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Roman Sites
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Roman Ship "De Meern 4" Netherlands
Friday 24 June 2005
Leidse Rijn
Roman Ship
No access, site is closed.
Roman name: -
Roman Province: Germania Inferior
Country: The Netherlands
Province: Utrecht
Nearest town: Utrecht
Nearest village: Vleuten/De Meern

Click to enlarge the map.
Map of the site (dark patch is the modern situation superimposed).


After the spectacular find of a Roman ship, dated to the late 2nd century and complete with inventory (De Meern 1) two years ago in the the building site of West-Utrecht (Leidsche Rijn), two more Roman ships were found. The first is situated about 150 metres from the site of the first (De Meern 1), which was dug up between March 3rd and June 19 th, 2003 and was subsequently transported to Lelystad. Over there it's being conserved by a specialist unit of the ROB (Dutch Archaeological Service), the NISA (Dutch Institute for Ship- and Underwater Archaeologie. The other ship was found in Woerden.

The latest ship found in Leidsche Rijn was designated on June 25 with the name 'De Meern 4'. It was found next to a quay made of oak and basalt blocks and belongs to the same type as the other ship, but it's much larger: maybe even 35 metres long! The archaeologists from made this discovery during a routine research ahead of making the site available for building as part of the large scale development of West-Utrecht (Leidsche Rijn). the ship sank in the same part of the river bed as the other ship, now with NISA in Lelystad.

De Meern 4 lies next an interesting quay which was uncovered at the same time. The ship is special for a number of reasons. Firstly becaue of the good state it is in. Secondly because of the size: 4,75 m wide and, based on the usual sizes of Roman ships, it may well have been between 30 and 35 m long. With that size, it's also one of the largest Roman ships found in The Netherlands. based on current research, it's dated to the 2nd century AD.

The ship was moored (or deliberately sunk) alongside a large quay, which was constructed of oak beams, measuring 30 cm across, behind which was a construction of oak planks. Research on this wood has already established that this wood was cut around the spring of the year 100 AD. Right next to the quay is the Roman road. The river bank between the quay and the road was paved with large basalt blocks, which were transported from the Eiffel region in Germany by ship - possibly this ship - to the region west of Utrecht. The Roman road will be shown in the pavement of the new housing estate (named 'De Balije').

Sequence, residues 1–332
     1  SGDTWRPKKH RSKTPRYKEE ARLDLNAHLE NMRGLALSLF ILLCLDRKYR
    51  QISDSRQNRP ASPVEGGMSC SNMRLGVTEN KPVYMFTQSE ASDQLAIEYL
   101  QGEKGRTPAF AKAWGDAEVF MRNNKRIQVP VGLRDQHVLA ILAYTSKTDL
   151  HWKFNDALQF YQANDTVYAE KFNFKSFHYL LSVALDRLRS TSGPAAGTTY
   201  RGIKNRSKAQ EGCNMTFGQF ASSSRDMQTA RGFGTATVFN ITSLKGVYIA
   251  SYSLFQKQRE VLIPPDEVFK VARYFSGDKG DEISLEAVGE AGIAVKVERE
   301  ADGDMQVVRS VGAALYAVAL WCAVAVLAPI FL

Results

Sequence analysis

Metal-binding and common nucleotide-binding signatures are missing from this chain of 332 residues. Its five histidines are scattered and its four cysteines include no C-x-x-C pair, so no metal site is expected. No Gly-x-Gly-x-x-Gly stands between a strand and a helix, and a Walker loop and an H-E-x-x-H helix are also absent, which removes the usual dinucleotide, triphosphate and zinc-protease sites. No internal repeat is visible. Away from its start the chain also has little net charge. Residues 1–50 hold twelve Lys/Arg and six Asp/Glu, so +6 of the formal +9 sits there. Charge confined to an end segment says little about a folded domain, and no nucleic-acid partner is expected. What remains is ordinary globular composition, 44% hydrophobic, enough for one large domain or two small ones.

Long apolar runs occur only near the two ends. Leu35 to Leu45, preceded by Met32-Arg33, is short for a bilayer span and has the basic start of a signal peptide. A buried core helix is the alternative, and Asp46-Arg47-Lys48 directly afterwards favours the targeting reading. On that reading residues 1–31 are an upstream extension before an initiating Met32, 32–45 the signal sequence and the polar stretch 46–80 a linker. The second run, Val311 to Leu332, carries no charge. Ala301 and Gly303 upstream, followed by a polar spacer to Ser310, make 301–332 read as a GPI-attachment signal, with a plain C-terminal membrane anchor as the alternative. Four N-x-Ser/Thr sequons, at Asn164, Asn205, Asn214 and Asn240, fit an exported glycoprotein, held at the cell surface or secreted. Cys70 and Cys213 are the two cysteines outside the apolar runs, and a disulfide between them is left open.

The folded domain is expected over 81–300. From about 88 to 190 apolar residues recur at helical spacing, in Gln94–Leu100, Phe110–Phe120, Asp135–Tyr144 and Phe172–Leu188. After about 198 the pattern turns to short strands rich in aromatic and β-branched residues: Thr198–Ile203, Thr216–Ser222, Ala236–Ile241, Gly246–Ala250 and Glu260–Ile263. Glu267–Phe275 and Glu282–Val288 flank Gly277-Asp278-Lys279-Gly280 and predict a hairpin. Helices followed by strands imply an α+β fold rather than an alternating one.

The visit

I was invited by Ros Ereira from Time Team, after helping out at the filming at the watchtower, I decided to take her up on her offer. It was a very hot Friday morning, and filming was still taking place, this being the third day and last day of Tome team's presence here. I managed to find the site without fail, a small miracle because I was aided aided by nothing more than a sense of direction and a vague memory of where the last boat was situated. Between that visit and today, hundreds of houses had been built (or rather, they will be) and the site was unrecognisable but for an old farm house.

The Pit - not a good place to be in; sun, 30-degrees heat, dust and mud up to your elbows..
The Pit - not a good place to be in; sun, 30-degrees heat, dust and mud up to your elbows..
An enlarged picture of the 'De Meern 4' Roman ship, next to the quay (botom)of the picture.
An enlarged picture of the 'De Meern 4' Roman ship, next to the quay (botom)of the picture.
Filming the dig.
Filming the dig.
Phil Harding (with hat).
Phil Harding (with hat).

This is where the Time Team crew had settled, interviewing experts in the shade of a big tree, while on the other side of the hedge, bordering a freshly completed row of houses, was the pit with the ship. or rather, part of the ship, because most of it was (and probably will remain to be) covered by metres of earth. This was the place to be, and then again it was not! On the one hand you could see the beams of a ship, nearly 20 centuries old, just out of reach but clearly visible, being discussed by a small crowd of experts. On the other hand though it was already more than 30 degrees (in fact the meteorological service had confirmed an official heatwave just 30 minutes earlier), with a moist atmosphere, dusty on the surface and mud clinging to all parts of the archaeologists' expert bodies..

The digger scrapes away a bit more earth..
The digger scrapes away a bit more earth.
Action! Tony questions the experts about the dating of the ship.
Action! Tony questions the experts about the dating of the ship.
Well, actually, it's quite nice and cool working in the shade..
Well, actually, it's quite nice and cool working in the shade..

But no doubt, all this was sweetened by the presence of Time Team, who had not only brought a budget making the dig possible, but also a streak of fine weather (OK, a heatwave!) that made for some fine filming days. I guess everybody was very happy and the atmosphere was very relaxed. After gazing at the dig and the filming for about an hour, it was time for me to say my farewells, earn a word of thanks and head home to some shade and cooling drinks.

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